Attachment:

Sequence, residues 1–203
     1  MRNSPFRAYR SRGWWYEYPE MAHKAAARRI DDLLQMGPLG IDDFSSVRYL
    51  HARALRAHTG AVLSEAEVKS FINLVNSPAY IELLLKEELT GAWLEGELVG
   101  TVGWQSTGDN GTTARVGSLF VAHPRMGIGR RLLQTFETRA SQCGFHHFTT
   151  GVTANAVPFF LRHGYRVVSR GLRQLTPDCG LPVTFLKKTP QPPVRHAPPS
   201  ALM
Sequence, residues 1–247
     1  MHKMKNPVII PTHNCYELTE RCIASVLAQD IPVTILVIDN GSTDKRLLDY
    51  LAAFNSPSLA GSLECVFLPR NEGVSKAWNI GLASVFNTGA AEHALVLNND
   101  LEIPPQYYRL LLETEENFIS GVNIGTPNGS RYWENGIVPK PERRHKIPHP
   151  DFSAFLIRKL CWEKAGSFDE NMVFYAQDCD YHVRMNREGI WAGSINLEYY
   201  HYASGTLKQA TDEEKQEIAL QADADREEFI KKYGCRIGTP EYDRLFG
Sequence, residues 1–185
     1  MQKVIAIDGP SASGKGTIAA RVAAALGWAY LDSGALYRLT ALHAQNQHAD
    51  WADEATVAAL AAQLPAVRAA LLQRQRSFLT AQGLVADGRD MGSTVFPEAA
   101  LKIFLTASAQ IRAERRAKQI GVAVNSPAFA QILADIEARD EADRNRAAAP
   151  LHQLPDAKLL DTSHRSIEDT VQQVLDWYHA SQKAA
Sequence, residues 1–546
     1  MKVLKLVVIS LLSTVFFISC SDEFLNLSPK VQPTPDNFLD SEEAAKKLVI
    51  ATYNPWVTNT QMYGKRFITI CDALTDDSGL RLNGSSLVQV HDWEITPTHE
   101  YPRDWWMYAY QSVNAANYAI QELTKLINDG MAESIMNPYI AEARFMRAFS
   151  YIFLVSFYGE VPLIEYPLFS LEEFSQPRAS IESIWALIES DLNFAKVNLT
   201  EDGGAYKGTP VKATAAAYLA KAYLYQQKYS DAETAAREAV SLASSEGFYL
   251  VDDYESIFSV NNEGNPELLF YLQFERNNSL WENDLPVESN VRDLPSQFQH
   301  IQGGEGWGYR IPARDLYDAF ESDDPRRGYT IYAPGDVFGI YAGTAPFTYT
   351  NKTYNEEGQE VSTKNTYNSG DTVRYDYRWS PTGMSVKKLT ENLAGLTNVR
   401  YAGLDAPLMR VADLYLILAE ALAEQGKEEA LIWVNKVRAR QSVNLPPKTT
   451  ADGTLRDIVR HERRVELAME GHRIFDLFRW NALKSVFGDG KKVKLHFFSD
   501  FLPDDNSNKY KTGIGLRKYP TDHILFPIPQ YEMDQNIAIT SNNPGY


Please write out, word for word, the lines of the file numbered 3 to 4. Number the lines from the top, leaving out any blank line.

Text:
    51  HARALRAHTG AVLSEAEVKS FINLVNSPAY IELLLKEELT GAWLEGELVG
   101  TVGWQSTGDN GTTARVGSLF VAHPRMGIGR RLLQTFETRA SQCGFHHFTT